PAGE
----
*This guest column ran in the opinion section of the Press on April 24.
In the words of a Tammany Hall politician, “No man’s life, liberty or property are safe while the legislature is in session.” The casino PILOT bill demonstrates his point.
Officially known as the Casino Property Tax Stabilization Act, the PILOT bill does just that. It stabilizes property taxes for casinos at the expense of every non-casino property taxpayer. Depending on the ratio in any given year, property owners could see a tax increase of five to 15 cents per $100 valuation each year for 10 years. Without the PILOT, there would be no county tax increase. This legislation is flawed, but it happened. Now, where do we go from here?
Opposition to the PILOT is not an issue of Atlantic County vs. Atlantic City. It is about property tax fairness, which the New Jersey Constitution demands. Non-casino property taxpayers should not have to pay more because the casinos have their taxes frozen for 10 years. The PILOT removes the value of casino properties from the county tax base. The loss of $3.4 billion worth of ratables, or 10 percent, is financially disastrous for any community.
There are three ways to correct this. The first is to ensure that a minimum of 13.5 percent of casino PILOT payments is paid directly to the county to compensate for the share of county taxes they would otherwise pay. Despite public promises and signed agreements, this percentage never made it into the final bill, but neither did the 10.4 percent the state offered. A difference of $40 million!
The second is to repeal the PILOT. Remember, no PILOT no tax increase. The need for the PILOT was always questionable. Reasonable casino executives said all they wanted was fair property assessments. The PILOT was considered necessary because the Atlantic City government raised casino property tax assessments to fund operational costs. But this is no longer the case since the state controls the city’s finances. But repeal is unlikely because somebody has to admit they were wrong.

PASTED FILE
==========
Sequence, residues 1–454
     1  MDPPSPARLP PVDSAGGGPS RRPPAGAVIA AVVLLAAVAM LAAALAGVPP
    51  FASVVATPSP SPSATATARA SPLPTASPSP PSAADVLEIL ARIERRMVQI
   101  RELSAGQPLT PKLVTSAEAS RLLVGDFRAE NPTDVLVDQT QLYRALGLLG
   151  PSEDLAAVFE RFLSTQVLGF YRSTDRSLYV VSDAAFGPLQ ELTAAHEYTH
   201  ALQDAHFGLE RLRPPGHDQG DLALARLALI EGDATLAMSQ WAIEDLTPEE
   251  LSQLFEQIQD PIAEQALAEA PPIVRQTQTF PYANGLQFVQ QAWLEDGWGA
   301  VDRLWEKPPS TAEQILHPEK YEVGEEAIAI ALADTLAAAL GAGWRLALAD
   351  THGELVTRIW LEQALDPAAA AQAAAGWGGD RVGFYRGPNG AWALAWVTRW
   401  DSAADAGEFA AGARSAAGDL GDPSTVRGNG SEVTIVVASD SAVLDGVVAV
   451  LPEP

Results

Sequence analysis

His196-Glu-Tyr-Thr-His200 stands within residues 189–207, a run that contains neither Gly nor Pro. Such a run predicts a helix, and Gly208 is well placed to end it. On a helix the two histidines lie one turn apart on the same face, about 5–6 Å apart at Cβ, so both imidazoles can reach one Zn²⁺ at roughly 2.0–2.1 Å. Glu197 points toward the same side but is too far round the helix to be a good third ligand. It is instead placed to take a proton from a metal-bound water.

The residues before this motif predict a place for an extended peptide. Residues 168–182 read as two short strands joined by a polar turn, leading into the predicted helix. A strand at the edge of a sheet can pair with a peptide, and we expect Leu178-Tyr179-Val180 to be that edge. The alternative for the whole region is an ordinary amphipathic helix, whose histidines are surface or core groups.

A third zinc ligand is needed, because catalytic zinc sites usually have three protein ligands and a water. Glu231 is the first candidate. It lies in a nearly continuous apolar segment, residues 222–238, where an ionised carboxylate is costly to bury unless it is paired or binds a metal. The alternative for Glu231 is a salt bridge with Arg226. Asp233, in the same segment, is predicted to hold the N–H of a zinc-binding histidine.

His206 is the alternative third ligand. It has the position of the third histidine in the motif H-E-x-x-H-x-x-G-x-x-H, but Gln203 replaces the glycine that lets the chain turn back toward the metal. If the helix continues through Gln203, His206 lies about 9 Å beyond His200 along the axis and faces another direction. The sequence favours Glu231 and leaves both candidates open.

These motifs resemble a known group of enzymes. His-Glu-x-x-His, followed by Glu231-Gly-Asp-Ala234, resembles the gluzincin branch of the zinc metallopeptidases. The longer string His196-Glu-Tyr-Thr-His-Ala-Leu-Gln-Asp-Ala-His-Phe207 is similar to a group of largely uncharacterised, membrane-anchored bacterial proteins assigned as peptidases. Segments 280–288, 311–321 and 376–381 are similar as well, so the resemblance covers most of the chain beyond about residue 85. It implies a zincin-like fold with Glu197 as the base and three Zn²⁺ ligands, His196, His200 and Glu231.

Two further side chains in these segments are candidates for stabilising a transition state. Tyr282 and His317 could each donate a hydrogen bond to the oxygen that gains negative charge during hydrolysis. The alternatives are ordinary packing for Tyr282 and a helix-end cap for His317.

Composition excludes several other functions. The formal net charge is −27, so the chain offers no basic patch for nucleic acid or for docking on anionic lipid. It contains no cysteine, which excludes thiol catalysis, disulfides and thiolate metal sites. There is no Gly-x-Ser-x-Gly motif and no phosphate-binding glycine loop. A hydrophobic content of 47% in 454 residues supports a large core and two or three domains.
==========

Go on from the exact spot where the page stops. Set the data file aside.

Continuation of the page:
The third option is to challenge it in court. A first-year law student would question its constitutionality, but can the people win against the special interests? As Justice Oliver Wendell Holmes said, “The Constitution says what we say it says.” Not very encouraging, but we’ll try anyway. Even if we lose, the depositions should be very interesting.
The Office of Legislative Services stated that the financial impact on county government was “indeterminate.” They also could not determine whether the PILOT payment would be greater or less than what would be collected without the PILOT. Who in their right mind would enter into a 10-year agreement based on such uncertainties? You wouldn’t even lease an automobile without the terms and conditions clearly defined.
The casino operators are smart. Shortly after the PILOT bill passed, a half-owner of Borgata, recently reassessed at only $650 million, sold its 50 percent share to MGM for $900 million, which is not subject to property taxes for 10 years. Borgata’s owners protected their investors. Who is protecting us?
They made sure they wrote into the legislation that it can’t even be reviewed until 2025! Incredibly, one of the bill’s sponsors admitted it was drafted by the casino association. How many homeowners would like to write their own property tax bill for the next 10 years?
All of this could have been avoided if the casinos were correctly assessed. Delaware, Nevada, Maryland, New York and other gaming states somehow assess their casinos fairly and don’t need a PILOT. Why do we need one in New Jersey?
Dennis Levinson, of Linwood, is the Atlantic County executive.